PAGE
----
Like classes, methods in DOL may declare index variables to constrain parameter types. Calling methods on an object may cause it to change; indices can be used to guarantee that after any such change the object remains in a consistent state.

We can give indexed signatures to methods. For example, the withdraw method is as follows:

```
<m:natural{m<=b}>
[Account<b> ~> <b-m>]
withdraw(amount: Integer<m>) =
balance := balance - amount
```

Methods in DOL differ from conventional Java-like methods in three ways:

- methods may declare index variables in angle brackets to constrain the types of parameters;
- methods that change state must describe that change in types. For example,
`[Account<b> ~> <b-m>]`

, read "`Account<b>`

becomes`Account<b-m>`

", describes the (implicit) receiver with the first type being the input type and the second one the output type; - methods may omit the return type; when omitted, the typechecker assumes
the supertype
`Top`

.

In practice, the DOL typechecker guarantees that if an object's input type is satisfied on method entry, then the object may assume the output type on method exit. Input and output types correspond to checks on method entry and exit. Moreover, the class invariant is enforced at all times.

DOL detects when a method implementation fails to meet its signature
specification. For example, a `withdraw`

method implementation that is not
consistent with its type produces an error. Try it:

```
class WrongAccount<b:natural> {
balance: Integer<b> // the only field
init(): WrongAccount<0> =
balance := 0
<m:natural>
[WrongAccount<b> ~> <b+m>]
deposit(amount: Integer<m>) =
balance := balance + amount
<m:natural{m<=b}>
[WrongAccount<b> ~> <b-m>]
withdraw(amount: Integer<m>) =
balance := amount - balance
getBalance(): Integer<b> =
balance // return balance
}
```

Client code is typechecked under class and method constraints. In class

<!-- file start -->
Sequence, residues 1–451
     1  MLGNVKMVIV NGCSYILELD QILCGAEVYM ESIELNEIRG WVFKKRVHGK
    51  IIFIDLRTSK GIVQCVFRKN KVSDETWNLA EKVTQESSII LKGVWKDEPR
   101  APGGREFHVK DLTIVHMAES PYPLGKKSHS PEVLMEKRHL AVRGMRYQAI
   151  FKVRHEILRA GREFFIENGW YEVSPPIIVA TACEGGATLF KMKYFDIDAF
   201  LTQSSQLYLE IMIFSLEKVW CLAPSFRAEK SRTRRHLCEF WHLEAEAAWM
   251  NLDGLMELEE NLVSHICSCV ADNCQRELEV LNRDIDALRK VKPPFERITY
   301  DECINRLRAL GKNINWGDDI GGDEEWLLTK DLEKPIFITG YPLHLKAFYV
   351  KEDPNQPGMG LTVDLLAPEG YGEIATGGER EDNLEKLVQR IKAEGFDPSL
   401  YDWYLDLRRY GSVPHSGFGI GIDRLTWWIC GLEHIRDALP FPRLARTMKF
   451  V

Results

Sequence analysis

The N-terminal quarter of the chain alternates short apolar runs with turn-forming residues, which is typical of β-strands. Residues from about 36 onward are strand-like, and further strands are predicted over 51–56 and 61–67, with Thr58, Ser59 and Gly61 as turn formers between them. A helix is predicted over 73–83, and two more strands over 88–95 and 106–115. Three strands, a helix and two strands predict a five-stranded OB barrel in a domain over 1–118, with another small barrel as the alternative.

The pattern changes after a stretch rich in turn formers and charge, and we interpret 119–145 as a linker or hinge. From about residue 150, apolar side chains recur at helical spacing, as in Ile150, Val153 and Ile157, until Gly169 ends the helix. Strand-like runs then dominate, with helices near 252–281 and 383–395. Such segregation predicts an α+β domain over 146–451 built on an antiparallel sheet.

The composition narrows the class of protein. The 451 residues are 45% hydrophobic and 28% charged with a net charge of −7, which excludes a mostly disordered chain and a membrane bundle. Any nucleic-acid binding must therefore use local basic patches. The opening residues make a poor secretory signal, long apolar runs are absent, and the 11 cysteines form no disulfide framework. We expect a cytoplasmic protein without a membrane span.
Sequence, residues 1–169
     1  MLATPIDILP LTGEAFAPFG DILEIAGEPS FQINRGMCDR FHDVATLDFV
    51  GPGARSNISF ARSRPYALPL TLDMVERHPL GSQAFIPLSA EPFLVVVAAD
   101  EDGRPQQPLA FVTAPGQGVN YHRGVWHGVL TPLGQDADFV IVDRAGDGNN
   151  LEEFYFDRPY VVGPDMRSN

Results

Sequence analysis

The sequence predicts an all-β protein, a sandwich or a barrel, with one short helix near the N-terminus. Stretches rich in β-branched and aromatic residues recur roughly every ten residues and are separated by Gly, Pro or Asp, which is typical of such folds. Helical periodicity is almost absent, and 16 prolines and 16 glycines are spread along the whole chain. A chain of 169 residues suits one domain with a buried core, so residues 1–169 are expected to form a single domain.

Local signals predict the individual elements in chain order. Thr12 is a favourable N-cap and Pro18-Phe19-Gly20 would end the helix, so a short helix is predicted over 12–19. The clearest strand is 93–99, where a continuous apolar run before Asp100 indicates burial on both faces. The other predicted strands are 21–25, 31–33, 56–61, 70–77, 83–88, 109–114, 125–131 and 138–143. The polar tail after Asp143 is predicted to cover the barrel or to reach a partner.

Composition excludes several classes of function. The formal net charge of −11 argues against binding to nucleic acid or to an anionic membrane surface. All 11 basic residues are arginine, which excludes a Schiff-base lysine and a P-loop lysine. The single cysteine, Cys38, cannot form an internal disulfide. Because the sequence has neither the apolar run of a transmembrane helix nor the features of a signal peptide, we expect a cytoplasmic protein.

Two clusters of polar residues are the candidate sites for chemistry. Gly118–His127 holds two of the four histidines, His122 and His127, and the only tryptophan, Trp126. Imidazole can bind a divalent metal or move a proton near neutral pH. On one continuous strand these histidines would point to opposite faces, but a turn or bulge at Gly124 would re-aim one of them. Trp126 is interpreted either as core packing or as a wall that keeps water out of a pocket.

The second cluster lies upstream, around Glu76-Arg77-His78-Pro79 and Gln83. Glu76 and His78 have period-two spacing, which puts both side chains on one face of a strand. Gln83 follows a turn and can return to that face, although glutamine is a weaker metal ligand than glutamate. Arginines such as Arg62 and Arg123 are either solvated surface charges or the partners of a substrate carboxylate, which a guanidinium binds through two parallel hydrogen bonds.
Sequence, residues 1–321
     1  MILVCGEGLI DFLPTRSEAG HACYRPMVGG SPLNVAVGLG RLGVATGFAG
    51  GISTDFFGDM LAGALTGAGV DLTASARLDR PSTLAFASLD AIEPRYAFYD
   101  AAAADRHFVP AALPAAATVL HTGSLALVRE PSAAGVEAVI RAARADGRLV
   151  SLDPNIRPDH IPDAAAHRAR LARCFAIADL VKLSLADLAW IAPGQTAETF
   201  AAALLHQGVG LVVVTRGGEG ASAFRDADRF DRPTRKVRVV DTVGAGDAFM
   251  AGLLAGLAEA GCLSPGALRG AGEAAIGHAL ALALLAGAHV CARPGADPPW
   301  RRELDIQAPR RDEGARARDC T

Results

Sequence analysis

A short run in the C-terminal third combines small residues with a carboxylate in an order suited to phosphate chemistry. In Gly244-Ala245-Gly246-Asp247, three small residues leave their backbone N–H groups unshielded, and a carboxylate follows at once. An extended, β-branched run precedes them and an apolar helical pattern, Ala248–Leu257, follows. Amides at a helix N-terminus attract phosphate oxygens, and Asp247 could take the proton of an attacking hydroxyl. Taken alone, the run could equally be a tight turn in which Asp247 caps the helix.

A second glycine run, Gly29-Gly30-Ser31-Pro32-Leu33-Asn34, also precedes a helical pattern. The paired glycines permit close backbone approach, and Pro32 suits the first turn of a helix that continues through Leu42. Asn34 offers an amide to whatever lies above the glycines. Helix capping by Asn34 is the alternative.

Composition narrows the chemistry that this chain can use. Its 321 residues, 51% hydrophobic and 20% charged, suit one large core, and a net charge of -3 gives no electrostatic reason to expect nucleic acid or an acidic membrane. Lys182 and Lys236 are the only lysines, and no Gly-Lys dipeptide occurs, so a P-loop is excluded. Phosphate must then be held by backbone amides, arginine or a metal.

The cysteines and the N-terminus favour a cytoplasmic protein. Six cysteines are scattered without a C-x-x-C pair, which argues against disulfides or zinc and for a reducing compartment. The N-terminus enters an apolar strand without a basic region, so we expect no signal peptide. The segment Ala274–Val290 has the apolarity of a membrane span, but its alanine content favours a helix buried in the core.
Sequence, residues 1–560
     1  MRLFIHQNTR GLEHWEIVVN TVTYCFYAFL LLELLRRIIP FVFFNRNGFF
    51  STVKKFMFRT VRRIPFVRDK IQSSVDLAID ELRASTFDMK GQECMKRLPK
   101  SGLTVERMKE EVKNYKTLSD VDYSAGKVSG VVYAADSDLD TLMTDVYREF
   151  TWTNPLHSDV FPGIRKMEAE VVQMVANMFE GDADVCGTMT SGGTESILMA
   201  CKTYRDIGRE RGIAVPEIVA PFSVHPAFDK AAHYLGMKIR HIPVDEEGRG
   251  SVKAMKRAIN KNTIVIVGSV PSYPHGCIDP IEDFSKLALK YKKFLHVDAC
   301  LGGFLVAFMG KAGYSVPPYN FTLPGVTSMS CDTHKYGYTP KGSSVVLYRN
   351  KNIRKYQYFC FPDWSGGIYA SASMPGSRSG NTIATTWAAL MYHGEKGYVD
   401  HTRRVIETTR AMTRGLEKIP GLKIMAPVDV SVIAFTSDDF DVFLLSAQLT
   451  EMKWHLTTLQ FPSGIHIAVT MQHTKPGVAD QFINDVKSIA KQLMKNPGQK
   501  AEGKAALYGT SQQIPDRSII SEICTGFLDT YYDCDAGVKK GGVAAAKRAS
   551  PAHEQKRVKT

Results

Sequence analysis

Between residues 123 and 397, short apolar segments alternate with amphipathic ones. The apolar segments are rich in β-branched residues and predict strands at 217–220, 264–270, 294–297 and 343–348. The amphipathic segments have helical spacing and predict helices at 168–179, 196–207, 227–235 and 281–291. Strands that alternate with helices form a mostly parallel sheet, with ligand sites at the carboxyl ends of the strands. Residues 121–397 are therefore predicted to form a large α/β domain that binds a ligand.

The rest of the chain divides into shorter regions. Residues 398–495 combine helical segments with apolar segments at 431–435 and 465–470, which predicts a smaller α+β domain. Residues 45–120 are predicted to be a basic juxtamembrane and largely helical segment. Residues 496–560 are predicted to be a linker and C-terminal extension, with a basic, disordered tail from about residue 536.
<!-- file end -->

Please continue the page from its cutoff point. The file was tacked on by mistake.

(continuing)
`Account`

, we have included a `main`

method that unity tests the class.
Attempting to withdraw an amount that will result in a balance below zero
produces an error. Try also this one:

```
class Account<b:natural> {
balance: Integer<b> // the only field
init(): Account<0> =
balance := 0
<m:natural>
[Account<b> ~> <b+m>]
deposit(amount: Integer<m>) =
balance := balance + amount
<m:natural{m<=b}>
[Account<b> ~> <b-m>]
withdraw(amount: Integer<m>) =
balance := balance - amount
getBalance(): Integer<b> =
balance // return balance
main() =
var acc := new Account();
acc.deposit(1000);
acc.withdraw(3000); // an error is expected here!
acc.deposit(1000)
}
```

Constants and operators are used in the programmer’s language only to make arithmetic and logic operations look more familiar, since they are not part of DOL’s core language.

Constant `100`

can be used as an argument as follows:

```
acc.deposit (100)
```

The subtraction operator appears in the body of the `withdraw`

method, namely

```
balance := balance − amount
```

Formally, Integer and Boolean, implemented natively, are families of classes.
Here are some of the methods defined in the `Integer`

and `Boolean`

"interfaces":

```
class Integer<i:integer> {
init(): Integer<0>
<j:integer>+(value: Integer<j>): Integer<i+j>
<j:integer>-(value: Integer<j>): Integer<i-j>
<j:integer><=(value: Integer<j>): Boolean<i≤j>
<j:integer>=(value: Integer<j>): Boolean<i≥j>
...
}
class Boolean<b:boolean> {
init(): Boolean<true>
<a:boolean>&&(value: Boolean<a>): Boolean<b∧a>
<a:boolean>||(value: Boolean<a>): Boolean<b∨a>
}
```

Technically, constant `0`